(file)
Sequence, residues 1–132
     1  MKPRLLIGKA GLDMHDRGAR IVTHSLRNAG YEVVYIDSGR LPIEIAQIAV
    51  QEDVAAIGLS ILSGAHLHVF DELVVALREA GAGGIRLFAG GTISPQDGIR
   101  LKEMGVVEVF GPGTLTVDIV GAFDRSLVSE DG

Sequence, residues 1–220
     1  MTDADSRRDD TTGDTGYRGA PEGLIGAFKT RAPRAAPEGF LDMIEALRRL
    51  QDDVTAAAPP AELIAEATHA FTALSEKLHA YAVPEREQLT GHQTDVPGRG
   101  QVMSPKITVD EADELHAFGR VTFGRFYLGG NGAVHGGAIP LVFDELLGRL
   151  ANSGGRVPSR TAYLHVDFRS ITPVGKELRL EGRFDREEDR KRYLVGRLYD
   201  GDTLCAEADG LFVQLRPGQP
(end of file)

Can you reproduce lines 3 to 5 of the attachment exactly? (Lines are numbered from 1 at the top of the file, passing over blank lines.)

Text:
    51  QEDVAAIGLS ILSGAHLHVF DELVVALREA GAGGIRLFAG GTISPQDGIR
   101  LKEMGVVEVF GPGTLTVDIV GAFDRSLVSE DG

Sequence, residues 1–220